Walton told the Cayman Compass that the extreme increase in imports strained resources. He explained that many first-time importers were unfamiliar with the importation process, which was a common cause of delays. Some, he added, failed to submit the Appointment of Agent Authorisation form necessary for goods to clear customs.

Albert Voaden on Navigating the Cayman Shipping Crisis

Most experts predict the shipping crisis will persist through 2022. When the International Monetary Fund downgraded its forecast for global economic growth for 2022 from 4.9 percent to 4.4 percent, it cited supply chain problems among the factors in making that decision. The owners of small Cayman Islands businesses, like CayGoods, must prepare for all outcomes. Like Albert Voaden, they must remain proactive, study the data, keep customers informed, and exercise that age-old virtue, patience.

“A lot of patience is required,” Voaden says.

A longtime financial analyst, Voaden also has 20 years of experience importing goods from North America to the Cayman Islands. When assessing market demand for products, he discovered that practicality inspired his CayGoods merchandise mix.

“Everyone needs appliances and furniture,” he says. “So, I don’t think this is a very risky industry. There’s proven demand for it.”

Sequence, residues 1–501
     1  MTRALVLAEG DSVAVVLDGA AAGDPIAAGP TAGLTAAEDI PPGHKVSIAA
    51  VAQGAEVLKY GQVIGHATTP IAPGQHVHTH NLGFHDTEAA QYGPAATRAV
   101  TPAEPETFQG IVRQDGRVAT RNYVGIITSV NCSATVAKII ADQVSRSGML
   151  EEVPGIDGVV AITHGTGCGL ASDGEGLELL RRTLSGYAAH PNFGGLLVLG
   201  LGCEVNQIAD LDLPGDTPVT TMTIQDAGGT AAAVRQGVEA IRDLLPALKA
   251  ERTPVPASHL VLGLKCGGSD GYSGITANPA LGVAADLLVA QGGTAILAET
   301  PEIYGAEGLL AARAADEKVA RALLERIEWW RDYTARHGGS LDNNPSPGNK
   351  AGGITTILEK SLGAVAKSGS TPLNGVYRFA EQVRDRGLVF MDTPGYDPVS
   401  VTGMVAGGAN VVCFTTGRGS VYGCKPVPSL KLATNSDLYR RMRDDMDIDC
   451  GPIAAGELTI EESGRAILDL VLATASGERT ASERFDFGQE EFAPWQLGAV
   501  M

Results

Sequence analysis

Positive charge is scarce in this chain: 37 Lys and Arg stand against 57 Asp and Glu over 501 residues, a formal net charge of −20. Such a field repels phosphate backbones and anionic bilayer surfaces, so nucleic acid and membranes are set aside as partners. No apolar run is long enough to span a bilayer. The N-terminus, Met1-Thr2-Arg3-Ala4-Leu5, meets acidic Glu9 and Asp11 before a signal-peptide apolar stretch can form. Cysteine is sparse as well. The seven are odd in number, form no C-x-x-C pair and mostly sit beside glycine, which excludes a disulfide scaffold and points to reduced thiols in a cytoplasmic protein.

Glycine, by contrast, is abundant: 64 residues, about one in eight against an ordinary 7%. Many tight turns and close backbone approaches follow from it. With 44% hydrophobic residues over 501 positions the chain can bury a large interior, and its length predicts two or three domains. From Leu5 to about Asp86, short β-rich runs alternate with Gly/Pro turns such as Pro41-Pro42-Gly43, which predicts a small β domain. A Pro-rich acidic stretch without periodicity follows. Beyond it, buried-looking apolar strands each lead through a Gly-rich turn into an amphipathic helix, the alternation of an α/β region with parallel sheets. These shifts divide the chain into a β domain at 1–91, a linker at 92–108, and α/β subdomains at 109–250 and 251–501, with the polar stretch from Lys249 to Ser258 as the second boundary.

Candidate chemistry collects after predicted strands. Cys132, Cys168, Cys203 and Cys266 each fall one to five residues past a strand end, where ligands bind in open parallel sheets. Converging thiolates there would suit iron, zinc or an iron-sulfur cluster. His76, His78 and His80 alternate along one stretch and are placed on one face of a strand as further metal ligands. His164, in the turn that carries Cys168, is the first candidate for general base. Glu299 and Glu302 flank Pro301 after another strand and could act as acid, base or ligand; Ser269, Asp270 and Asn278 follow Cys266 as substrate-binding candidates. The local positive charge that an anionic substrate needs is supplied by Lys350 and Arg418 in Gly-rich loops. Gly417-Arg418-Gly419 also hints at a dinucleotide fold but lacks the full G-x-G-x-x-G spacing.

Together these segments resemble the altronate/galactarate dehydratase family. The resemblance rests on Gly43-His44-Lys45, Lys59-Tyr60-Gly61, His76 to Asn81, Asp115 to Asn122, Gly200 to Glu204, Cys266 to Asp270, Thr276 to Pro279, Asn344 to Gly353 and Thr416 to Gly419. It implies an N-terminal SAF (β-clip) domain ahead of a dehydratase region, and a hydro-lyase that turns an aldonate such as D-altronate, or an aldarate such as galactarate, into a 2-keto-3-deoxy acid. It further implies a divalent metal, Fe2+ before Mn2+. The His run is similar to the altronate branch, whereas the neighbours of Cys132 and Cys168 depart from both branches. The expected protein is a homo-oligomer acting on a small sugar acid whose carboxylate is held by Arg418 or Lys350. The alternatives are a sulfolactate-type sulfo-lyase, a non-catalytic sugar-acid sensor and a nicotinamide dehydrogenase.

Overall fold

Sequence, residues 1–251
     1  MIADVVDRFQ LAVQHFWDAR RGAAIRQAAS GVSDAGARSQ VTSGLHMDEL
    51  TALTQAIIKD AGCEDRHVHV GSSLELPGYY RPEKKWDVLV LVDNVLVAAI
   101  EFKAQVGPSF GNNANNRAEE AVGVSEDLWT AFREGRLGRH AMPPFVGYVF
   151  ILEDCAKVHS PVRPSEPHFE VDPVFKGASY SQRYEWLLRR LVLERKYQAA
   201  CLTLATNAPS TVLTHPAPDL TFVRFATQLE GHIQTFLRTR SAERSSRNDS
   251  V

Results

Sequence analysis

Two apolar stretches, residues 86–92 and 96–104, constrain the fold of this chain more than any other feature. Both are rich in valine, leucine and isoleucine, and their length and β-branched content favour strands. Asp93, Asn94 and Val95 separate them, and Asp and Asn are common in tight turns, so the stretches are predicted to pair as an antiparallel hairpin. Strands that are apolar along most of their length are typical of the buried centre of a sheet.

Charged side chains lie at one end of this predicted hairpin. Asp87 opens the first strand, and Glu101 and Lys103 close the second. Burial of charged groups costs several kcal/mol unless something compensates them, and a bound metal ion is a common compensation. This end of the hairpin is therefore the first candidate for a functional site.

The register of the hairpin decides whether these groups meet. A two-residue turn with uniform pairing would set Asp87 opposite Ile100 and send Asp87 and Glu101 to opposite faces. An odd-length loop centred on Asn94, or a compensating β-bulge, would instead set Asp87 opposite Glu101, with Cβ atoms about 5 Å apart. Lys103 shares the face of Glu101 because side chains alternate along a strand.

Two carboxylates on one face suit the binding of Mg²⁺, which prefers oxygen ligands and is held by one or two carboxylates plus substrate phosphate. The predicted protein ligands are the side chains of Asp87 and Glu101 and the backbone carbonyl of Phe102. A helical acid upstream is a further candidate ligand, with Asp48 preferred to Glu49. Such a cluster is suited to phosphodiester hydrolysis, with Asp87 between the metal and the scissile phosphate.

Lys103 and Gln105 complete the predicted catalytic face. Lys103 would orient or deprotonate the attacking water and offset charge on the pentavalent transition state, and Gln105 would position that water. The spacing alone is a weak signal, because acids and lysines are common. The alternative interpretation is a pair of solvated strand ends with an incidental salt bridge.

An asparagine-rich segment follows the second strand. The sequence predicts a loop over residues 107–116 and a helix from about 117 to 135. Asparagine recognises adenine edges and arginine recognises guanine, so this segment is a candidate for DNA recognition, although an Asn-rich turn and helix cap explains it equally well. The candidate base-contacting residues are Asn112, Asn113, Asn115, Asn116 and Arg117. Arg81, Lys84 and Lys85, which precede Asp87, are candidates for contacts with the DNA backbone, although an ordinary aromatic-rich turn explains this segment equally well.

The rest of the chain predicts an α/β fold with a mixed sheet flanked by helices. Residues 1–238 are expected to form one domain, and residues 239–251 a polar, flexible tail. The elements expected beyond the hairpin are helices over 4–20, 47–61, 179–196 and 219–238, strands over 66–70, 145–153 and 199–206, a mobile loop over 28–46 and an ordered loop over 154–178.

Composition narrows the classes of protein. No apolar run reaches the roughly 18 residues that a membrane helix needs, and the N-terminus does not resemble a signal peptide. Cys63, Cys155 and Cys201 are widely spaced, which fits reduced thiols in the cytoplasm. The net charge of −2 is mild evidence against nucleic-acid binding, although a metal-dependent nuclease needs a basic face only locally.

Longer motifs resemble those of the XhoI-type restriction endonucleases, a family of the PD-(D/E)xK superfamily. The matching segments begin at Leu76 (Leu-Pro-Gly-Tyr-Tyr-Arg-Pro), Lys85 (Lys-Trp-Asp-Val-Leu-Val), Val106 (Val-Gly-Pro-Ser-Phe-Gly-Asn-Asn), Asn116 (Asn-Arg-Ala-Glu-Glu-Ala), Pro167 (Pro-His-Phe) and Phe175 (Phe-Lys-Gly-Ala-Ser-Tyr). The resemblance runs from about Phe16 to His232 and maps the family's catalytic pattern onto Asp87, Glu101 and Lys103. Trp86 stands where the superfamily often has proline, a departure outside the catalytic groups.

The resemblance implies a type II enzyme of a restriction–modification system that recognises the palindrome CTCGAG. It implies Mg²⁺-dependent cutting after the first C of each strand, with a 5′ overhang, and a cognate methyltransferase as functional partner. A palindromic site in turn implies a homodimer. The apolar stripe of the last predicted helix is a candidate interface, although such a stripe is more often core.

CayGoods sells large home goods, including sofa sets, refrigerators, lawn mowers, table sets, and electric ranges. CayGoods offers about 50 in-stock items and 220 or so that are not currently in stock but are available from a southern Florida supplier.

“If the product is in stock, we can deliver it to the customer within two business days,” Voaden says.

Shipping, labor shortages, and the coronavirus have created an atmosphere of unpredictability. Many business owners are left guessing when their merchandise might arrive. The trickle-down effects continue, and Albert Voaden is aware of them.

“I hope that shipping costs go down,” he says. “That’s an enormous cost right now.”

Even big-box retailers like Costco have sounded the alarm about escalating shipping prices, growing strongly since the autumn of 2020. The cost to ship containers overseas continues to soar.

“I think many retailers are probably having the same issue with seeing inflation, taking a hit to their margins,” Voaden says.

Being a financial analyst has its perks when introducing a new company, such as CayGoods, to the market. Voaden says that his capacity to analyze economic trends has been helpful and will continue to be so.

“It’s important to recognize changes in trends in economics,” he explains.

Maintaining a Hopeful Outlook

As rising global demand continues to be met with limited increases in shipping capacity, Voaden remains hopeful. One reason for his optimism has nothing to do with seismic global market shifts but rather a closer-to-home fact: Eventually, his start-up company will become a familiar name to shippers.

“I think that with time, and as I become more of a regular customer to some of these shipping companies, those costs will come down, and it’ll be more viable,” he says.

With flexibility and a creative mind at the helm, CayGoods will continue its route. To use a saying familiar among seafarers, “You can’t control the wind, but you can adjust the sails.”